The SPAC craze has minted yet another billionaire in the latest example of blank-check companies leading to new members of the three-comma club. Santa Monica-based Beachbody—the exercise-DVD and weight-loss-shake-hawking multilevel marketing business that’s morphed into an online fitness brand—went public on the New York Stock Exchange on Monday in a merger with exercise bike maker Myx Fitness and Forest Road Acquisition Corp., a blank check company with ties to former NBA star Shaquille O’Neal and former TikTok CEO Kevin Mayer. Beachbody CEO and chairman Carl Daikeler, who founded the company in 1998, is now a billionaire thanks to his 43% stake, worth $1.7 billion as of 9:45 am ET on Monday.
The goal of the merger is to build the new company into a direct competitor to leading fitness brands such as Peloton and Lululemon—which purchased fitness device maker Mirror for $500 million in June 2020—by combining Beachbody’s fast-growing digital subscription business and library of live and on-demand workout classes with Myx’s touchscreen-equipped exercise bike, a cheaper alternative to Peloton. Myx’s exercise bike is listed at $1,299 on its website, compared to $1,895 for the lowest-priced Peloton bike package.
Myx Fitness is a relative newcomer and a small fry in the world of exercise bikes. It had just under $30,000 in revenues from selling its bikes in 2020. Beachbody, meanwhile, posted a net loss of $21 million on sales of $864 million in 2020, down from a $32 million net profit on $756 million in revenues in 2019.
“This marks an important milestone in Beachbody’s mission to help more people achieve their goals and lead healthy, fulfilling lives,” Daikeler, 57, said in a statement announcing the merger on Monday. “With this transaction, we will deploy capital to grow our platform, add connected fitness hardware through the acquisition of Myx and continue to create the most exciting and innovative in-home fitness content.”
A spokesperson for Beachbody did not respond to a request for comment on Daikeler’s net worth.
As Forbes detailed in a 2018 article, Daikeler grew up outside Philadelphia and graduated from Ithaca College with a bachelor’s in corporate organizational media in 1986. He then worked as a producer for halftime shows at televised football games. In 1987, he quit to start making fitness infomercials, a business that later evolved into filmed fitness workouts in the 1990s. He cofounded workout video firm TelAmerica Media in 1994, selling 2 million copies of its hit video “Buns of Steel,” before selling his stake and moving back to the infomercial world. After two years at a phone dating service and a referral service for Lasik eye surgery, he launched Beachbody in 1998 with his coworker Jon Congdon and $500,000 from angel investors.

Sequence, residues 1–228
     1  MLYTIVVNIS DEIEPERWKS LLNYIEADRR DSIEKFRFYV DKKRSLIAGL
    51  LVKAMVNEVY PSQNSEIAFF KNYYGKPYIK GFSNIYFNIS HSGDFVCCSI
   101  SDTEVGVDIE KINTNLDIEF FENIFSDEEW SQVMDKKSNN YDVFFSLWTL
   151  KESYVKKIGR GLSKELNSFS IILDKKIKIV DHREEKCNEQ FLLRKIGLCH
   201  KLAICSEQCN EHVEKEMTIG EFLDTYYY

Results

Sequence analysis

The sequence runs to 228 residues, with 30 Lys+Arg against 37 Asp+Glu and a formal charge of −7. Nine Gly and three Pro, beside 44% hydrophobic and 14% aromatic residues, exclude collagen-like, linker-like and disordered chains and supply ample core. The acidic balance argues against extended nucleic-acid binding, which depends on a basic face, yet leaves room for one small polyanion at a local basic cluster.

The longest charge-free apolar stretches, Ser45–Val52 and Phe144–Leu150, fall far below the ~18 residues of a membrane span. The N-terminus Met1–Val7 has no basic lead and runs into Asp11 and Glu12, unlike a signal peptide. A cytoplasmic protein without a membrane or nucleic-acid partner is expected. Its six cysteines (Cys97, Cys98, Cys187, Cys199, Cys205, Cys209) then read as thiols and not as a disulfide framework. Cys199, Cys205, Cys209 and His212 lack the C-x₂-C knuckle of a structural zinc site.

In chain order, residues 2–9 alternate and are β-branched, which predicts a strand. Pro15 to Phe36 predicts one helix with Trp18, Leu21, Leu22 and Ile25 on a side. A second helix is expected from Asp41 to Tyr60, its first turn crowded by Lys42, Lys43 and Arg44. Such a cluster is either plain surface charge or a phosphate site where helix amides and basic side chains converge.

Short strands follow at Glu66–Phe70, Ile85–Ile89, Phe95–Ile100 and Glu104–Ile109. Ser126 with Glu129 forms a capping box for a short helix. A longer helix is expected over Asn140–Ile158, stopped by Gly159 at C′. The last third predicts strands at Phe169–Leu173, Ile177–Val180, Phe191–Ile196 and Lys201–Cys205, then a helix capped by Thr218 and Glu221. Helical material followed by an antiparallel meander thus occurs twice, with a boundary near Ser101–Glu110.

“What I learned was that solving my own problem—that I don’t like to work out and I eat like a second-grader—was a scalable opportunity,” he told Forbes in 2018, when his stake in the company was valued at an estimated $660 million.
Beachbody’s first runaway success was P90X, a three-month boot camp that’s since been extolled by the likes of Michelle Obama and former U.S. Speaker of the House Paul Ryan. Daikeler and Congdon built the company into a multilevel marketing giant with more than 400,000 “coaches” selling workout videos, weight-loss shakes and other supplements on social media. In 2015, Daikeler took a risky bet by launching Beachbody on Demand, a Netflix-like service offering the company’s entire library of workout videos (worth $7,000 if you purchased them all) for $99 a year. While painful in the short-term—the number of coaches shrank from 450,000 in 2016 to 340,000 in 2018—that strategy paid off in 2020, when the pandemic shut gyms across the country and people turned to live-streamed workouts and home fitness.
In early 2019, Congdon started Openfit, another live fitness class service priced at $19 a month and owned by Beachbody, which also took off in 2020 and helped grow the company’s paid digital subscriptions by 53% to 2.6 million, compared to Peloton’s 3 million. (Congdon’s roughly 6% stake in Beachbody is worth about $220 million as of 9:45 am ET). Live fitness also presents an opportunity for Beachbody to diversify beyond health foods, supplements and its Shakeology drinks, which brought in two thirds of overall revenue in 2019. The shake business, though, drew legal scrutiny a few years ago: In 2017, following an investigation by the city attorney of Santa Monica, the company reached an agreement to pay a $3.6 million settlement and agreed to stop making certain health claims about its shakes. Still, the company is investing further in the nutrition market with a celebrity-backed health food play: In December 2020, it acquired LeBron James and Arnold Schwarzenegger’s sports nutrition company Ladder for $28 million.
While Beachbody’s $864 million in sales last year were an improvement on the $756 million in 2019, they represent a steep drop from the $1 billion that Beachbody told Forbes it had in 2017 revenues. Its merger with Myx Fitness allows Daikeler to hedge his bets by repositioning Beachbody as an integrated home fitness company competing with the likes of Peloton and iFIT, the parent company of NordicTrack and ProForm.
“In the same way that streaming opened up the media world, home fitness is opening up the exercise ecosystem,” says Simeon Siegel, a senior analyst at BMO Capital Markets. “There’s a long runway ahead for companies that are able to offer a compelling product and compelling content.”